Diesel Range Rover, Land Rover Lawsuit Survives Dismissal

Diesel Range Rover, Land Rover Lawsuit Survives Dismissal

A lawsuit alleges certain diesel Land Rover vehicles have defective engine filters.
  • By: Staff Writer
  • Published July 18, 2022

A lawsuit against Jaguar Land Rover North America LLC (“Jaguar Land Rover”) alleging a defect in certain diesel-powered vehicles has partially survived the automaker’s motion to dismiss the case.

As detailed in the court’s June 29, 2022, decision, the plaintiffs allege the diesel particulate filter in certain vehicles are prone to clogging under normal driving conditions.  This filter is designed to remove diesel particular matter—also called soot—from the exhaust of a diesel engine.  They also contend delayed appearance of a warning light to indicate when to begin a filter-cleaning process that prevents clogging—that is, it allegedly does not illuminate until after the filter is 85% full of soot, which does not give the driver enough time to begin the regeneration process.  In turn, the plaintiffs claim, a clogged diesel particulate filter can cause engine failure and presents safety risks.

The vehicles they allege have the defect are 2016-2020 Range Rover and Jaguar Land Rover vehicles that have the diesel particulate filter at issue.  The plaintiffs’ legal claims include breach of warranty and violation of state consumer laws.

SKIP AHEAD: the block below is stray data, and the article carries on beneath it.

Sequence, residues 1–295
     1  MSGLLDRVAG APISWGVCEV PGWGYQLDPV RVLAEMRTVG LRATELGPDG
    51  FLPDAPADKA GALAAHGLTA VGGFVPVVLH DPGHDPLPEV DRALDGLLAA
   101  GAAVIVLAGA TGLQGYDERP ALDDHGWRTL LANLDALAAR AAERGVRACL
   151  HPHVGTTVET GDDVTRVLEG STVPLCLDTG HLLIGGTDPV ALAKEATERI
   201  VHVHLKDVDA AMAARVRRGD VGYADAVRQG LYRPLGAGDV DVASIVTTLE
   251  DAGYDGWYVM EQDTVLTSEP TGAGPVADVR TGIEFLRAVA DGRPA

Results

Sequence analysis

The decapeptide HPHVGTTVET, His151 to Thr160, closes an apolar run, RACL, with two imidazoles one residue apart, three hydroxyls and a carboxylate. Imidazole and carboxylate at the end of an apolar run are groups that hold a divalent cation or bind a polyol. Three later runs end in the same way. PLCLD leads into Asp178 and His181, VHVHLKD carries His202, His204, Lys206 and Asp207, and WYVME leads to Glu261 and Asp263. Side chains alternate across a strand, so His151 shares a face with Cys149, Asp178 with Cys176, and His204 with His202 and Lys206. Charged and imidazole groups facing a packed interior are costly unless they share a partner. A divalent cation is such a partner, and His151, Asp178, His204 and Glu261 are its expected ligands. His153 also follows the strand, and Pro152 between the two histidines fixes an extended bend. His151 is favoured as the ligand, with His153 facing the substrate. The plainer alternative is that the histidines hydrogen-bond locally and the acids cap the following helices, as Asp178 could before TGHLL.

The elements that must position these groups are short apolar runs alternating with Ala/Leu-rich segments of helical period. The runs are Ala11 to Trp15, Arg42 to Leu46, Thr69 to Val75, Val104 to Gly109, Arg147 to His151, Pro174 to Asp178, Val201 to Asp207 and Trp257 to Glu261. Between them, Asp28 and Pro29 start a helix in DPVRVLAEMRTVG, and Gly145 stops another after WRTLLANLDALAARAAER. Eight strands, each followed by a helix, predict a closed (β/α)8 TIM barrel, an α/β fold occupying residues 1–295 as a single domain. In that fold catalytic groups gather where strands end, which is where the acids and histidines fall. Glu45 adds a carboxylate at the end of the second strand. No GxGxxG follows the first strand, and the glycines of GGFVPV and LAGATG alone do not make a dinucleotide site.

The court rejected Jaguar Land Rover’s challenges to the standing of one of the two plaintiffs.  Evaluating Jaguar Land Rover’s motion to dismiss plaintiff’s claims under Federal Rule of Civil Procedure 12(b)(6)—in which the Court assumed all well-pleaded factual allegations by plaintiffs as true and drew all reasonable inferences in their favor—the Court rejected a number of Jaguar Land Rover’s claims to, for instance, the possible applicability of the New York consumer protection law, certain breach of warranty claims, and a fraudulent omission claim.  Although the Court dismissed the plaintiffs’ claims under the Federal Emission Control System Warranty, it did so without prejudice, allowing the plaintiffs to file a second amended complaint to attempt to address the pleading deficiency on that claim.

The case is Daoud Shaaya et al. v. Jaguar Land Rover North America LLC, case number 2:20-cv-05679-CCC-JRA, in the United States District Court for the District of New Jersey. 

You can read the Court's order below:

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